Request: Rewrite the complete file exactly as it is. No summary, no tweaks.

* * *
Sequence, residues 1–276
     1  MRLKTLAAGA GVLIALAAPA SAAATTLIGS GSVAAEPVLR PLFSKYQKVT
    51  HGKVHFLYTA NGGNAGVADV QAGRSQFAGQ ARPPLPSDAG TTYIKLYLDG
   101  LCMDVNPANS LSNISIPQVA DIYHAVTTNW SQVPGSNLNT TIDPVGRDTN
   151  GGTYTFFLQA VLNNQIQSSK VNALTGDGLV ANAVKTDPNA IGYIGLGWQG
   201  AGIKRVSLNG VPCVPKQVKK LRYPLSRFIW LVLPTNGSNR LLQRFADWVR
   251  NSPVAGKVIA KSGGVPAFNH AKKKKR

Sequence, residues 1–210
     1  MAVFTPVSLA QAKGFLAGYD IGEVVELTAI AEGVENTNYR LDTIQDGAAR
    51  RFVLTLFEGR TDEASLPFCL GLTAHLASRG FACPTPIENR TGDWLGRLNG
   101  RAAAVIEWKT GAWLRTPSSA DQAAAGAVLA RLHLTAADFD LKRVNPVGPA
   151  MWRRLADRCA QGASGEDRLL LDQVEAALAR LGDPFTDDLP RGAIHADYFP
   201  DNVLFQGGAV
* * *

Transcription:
Sequence, residues 1–276
     1  MRLKTLAAGA GVLIALAAPA SAAATTLIGS GSVAAEPVLR PLFSKYQKVT
    51  HGKVHFLYTA NGGNAGVADV QAGRSQFAGQ ARPPLPSDAG TTYIKLYLDG
   101  LCMDVNPANS LSNISIPQVA DIYHAVTTNW SQVPGSNLNT TIDPVGRDTN
   151  GGTYTFFLQA VLNNQIQSSK VNALTGDGLV ANAVKTDPNA IGYIGLGWQG
   201  AGIKRVSLNG VPCVPKQVKK LRYPLSRFIW LVLPTNGSNR LLQRFADWVR
   251  NSPVAGKVIA KSGGVPAFNH AKKKKR

Sequence, residues 1–210
     1  MAVFTPVSLA QAKGFLAGYD IGEVVELTAI AEGVENTNYR LDTIQDGAAR
    51  RFVLTLFEGR TDEASLPFCL GLTAHLASRG FACPTPIENR TGDWLGRLNG
   101  RAAAVIEWKT GAWLRTPSSA DQAAAGAVLA RLHLTAADFD LKRVNPVGPA
   151  MWRRLADRCA QGASGEDRLL LDQVEAALAR LGDPFTDDLP RGAIHADYFP
   201  DNVLFQGGAV